The perils of live telly

by Stephen Tall on September 24, 2006

So I wasn’t going to blog about this…

Last Monday was my first time on live telly, on BBC News 24, where I was asked to give my reflections on the opening day of the Lib Dem conference, alongside a political correspondent for the Financial Times.

The interviewer, James Landale, asked her a question; then he asked me a question (a different question to the one he’d said he would ask, but what the heck). And then he reverted to my fellow interviewee – who looked queasy, staggered slightly, and then fainted. Live on air.

It’s fair to say I was caught off-guard (as you can see from this still). Together with Mr Landale, we (sort of) caught her mid-fall, and then there was a split second when we both thought the same thing – do we carry on?

Quite rightly, the channel’s editors intervened, and cut straight back to the News 24 studio in some confusion.

As I say, I wasn’t going to mention any of this here (it just didn’t seem fair). But two things prompt me to do so.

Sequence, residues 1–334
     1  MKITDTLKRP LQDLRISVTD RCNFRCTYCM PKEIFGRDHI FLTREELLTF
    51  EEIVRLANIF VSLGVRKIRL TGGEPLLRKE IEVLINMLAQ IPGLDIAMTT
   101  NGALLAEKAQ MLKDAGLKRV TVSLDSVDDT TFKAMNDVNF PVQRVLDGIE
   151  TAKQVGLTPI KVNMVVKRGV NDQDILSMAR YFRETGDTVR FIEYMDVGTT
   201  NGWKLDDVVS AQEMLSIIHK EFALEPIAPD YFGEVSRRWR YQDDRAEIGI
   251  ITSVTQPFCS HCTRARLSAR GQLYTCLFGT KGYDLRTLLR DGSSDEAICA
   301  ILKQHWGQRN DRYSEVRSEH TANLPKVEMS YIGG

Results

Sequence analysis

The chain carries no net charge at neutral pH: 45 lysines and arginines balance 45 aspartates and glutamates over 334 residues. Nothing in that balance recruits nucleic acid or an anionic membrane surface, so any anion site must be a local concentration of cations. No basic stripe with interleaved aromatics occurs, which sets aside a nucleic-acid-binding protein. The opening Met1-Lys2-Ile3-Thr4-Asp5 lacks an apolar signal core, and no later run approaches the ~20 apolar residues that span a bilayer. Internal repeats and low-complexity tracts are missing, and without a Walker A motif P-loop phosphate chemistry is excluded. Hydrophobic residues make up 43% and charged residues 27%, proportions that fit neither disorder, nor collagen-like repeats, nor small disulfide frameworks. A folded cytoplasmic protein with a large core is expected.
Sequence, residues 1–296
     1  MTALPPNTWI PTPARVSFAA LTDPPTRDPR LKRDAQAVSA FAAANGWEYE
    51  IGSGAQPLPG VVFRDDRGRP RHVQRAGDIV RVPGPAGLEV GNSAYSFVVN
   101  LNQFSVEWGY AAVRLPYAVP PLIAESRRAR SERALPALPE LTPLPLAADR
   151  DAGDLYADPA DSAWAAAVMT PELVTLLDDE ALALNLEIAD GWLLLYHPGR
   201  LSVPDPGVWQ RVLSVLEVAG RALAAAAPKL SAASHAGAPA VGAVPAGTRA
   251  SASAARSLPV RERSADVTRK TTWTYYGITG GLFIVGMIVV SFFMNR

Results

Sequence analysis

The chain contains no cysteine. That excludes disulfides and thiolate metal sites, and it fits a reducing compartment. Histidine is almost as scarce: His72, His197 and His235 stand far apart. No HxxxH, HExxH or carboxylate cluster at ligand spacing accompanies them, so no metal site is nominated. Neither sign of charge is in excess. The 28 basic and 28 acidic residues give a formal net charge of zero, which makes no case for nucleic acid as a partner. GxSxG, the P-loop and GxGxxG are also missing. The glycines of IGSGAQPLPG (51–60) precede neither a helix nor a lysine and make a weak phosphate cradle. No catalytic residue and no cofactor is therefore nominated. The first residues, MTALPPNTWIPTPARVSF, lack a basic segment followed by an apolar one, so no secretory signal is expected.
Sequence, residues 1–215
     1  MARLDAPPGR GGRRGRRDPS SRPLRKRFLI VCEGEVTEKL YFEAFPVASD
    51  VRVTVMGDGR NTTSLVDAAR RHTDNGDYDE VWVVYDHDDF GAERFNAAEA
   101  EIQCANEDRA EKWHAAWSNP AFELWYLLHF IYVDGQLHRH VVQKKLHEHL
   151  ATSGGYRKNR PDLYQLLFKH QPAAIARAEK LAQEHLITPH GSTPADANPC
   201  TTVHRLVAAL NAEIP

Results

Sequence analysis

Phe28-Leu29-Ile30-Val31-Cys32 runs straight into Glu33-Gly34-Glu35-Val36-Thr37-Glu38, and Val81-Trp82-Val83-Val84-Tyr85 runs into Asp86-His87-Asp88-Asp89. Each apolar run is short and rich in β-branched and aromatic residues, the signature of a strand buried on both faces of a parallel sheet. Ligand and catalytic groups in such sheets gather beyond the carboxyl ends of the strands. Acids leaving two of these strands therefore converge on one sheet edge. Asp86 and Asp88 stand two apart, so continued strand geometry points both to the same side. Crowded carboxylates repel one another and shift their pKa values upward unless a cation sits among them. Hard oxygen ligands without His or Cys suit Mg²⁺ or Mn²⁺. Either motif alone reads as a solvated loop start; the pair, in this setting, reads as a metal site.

First, I see the BBC has seen fit to broadcast the moment on its Storyfix download, which you can watch here (it’s about a third of the way in).

To my embarrassment and shame, I emerge from the incident looking utterly heartless, rather than serenely gallant (as I had hoped, and mis-remembered) – like the kind of cheap politician who would step over his own grandmother’s corpse if she lay between him and a photo-op. My only defence is that it happened very quickly, and that I was acutely conscious this was being broadcast in real-time.

The second reason I’m now telling all is that the journalist who fainted wrote a lovely e-mail to me last week, which Id like to share:

I don’t know if you remember me, but I was the falling body that interrupted your moment of glory on BBC News 24 on Monday evening in the Metropole Bar.

This is just a short note to say sorry that my unexpectedly crashing blood pressure came between you and Mr Landale’s penetrating questions – I told James later that he should have just stepped over me and carried on asking you what you thought about things. Sky would have done, I reckon!

And several of Ming’s aides said I’d introduced a great way of avoiding the difficult questions on policy.

Anyway, I’ve heard you on just about every broadcast outlet since then, so well done, and I clearly haven’t killed off a burgeoning career.

Regards, and please feel free to use the video clip and this letter on your site if you feel like it – I’m absolutely fine and won’t be offended at all. It was apparently a television first, and James said (I can’t remember any of it) that you did at least get to answer one question before I did the drama queen bit.

‘Nuff respect.

PS: Rob Fenwick has oh-so-kindly uploaded my moment of un-glory to YouTube here.